WINSTON-SALEM, N.C. (AP) — Weeks of tension over the hiring of investigative journalist Nikole Hannah-Jones at the University of North Carolina at Chapel Hill will now come down to a decision from the school’s board of trustees on whether to offer her tenure.
The trustees planned a special meeting Wednesday at which they are expected to vote on whether to offer tenure to Hannah-Jones, key architect of The 1619 Project for The New York Times Magazine that explored the bitter legacy of racism.
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The university had announced in April that Hannah-Jones, who won the Pulitzer Prize for her work on the project, would be joining the faculty in July. She had accepted a five-year contract to join the journalism school’s faculty as the Knight Chair in Race and Investigative Journalism.
Earlier in the year, Hannah-Jones’ tenure application was halted because she didn’t come from a “traditional academic-type background,” and a trustee who vets the lifetime appointments wanted more time to consider her qualifications, university leaders had said.
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The school has said little about why tenure wasn’t offered, but a prominent donor revealed that he had emailed university leaders challenging her work as “highly contentious and highly controversial” before the process was halted.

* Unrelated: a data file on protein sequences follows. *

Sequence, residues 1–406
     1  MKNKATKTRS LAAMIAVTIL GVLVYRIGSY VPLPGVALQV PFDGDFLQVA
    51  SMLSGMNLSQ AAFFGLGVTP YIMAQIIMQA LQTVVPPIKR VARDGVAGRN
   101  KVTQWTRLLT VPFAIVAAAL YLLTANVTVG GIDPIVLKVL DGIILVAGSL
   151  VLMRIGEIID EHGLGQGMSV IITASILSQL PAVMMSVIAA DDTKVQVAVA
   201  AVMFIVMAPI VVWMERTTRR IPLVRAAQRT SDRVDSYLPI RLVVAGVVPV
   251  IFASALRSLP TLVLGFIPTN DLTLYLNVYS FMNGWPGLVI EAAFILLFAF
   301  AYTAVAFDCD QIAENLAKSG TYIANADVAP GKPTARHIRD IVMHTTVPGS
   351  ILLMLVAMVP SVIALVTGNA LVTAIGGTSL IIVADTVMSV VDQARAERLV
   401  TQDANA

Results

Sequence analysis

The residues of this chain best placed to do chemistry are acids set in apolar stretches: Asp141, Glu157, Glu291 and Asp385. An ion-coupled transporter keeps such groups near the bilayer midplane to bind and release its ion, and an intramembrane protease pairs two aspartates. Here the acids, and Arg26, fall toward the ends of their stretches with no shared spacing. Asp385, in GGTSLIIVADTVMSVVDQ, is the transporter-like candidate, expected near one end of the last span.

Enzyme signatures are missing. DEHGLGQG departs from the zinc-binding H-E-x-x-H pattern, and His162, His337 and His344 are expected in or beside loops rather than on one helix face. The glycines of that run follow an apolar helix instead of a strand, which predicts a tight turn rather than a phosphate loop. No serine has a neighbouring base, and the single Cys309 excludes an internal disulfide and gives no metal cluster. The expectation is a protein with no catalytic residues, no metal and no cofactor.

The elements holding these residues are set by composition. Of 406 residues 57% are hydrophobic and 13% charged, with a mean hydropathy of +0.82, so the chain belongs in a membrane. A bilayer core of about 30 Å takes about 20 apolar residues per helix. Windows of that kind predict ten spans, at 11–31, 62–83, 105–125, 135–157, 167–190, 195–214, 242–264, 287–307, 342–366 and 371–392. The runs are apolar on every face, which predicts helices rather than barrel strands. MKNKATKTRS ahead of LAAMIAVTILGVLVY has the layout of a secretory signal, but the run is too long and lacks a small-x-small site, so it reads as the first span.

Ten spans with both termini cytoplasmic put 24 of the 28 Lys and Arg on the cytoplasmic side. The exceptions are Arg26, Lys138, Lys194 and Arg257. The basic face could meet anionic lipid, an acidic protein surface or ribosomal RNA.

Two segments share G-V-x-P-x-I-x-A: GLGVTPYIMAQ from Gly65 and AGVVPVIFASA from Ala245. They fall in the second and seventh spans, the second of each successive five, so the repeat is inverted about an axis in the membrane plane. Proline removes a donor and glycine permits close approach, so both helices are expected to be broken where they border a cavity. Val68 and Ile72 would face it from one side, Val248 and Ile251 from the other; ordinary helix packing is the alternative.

Some conservatives have complained about The 1619 Project, which focused on the country’s history of slavery.
Monday’s announcement of the scheduled meeting said only that the board would go into closed session. Board chairman Richard Stevens declined comment through the school on the specific nature of the meeting. But the group NC Policy Watch cited unidentified sources as saying the board would vote on whether to grant Hannah-Jones’ application for tenure at the UNC school of journalism and media.
The meeting comes a day before Hannah-Jones was to start at the journalism school. Her attorneys announced last week that she would not report for work without tenure.
Last week, UNC Student Body President Lamar Richards, who’s also a trustee, requested that the board convene a special meeting no later than Wednesday to vote on tenure for Hannah-Jones. Six board members must agree to a request for a special meeting to take place, according to Richards.
The decision by trustees earlier this year to halt Hannah-Jones’ tenure submission sparked a torrent of criticism from within the community. It ultimately revealed a depth of frustration over the school’s failure to answer longstanding concerns about the treatment of Black faculty, staff and students.
Several hundred UNC students gathered near the chancellor’s office last Friday to demand that trustees reconsider tenure for Hannah-Jones.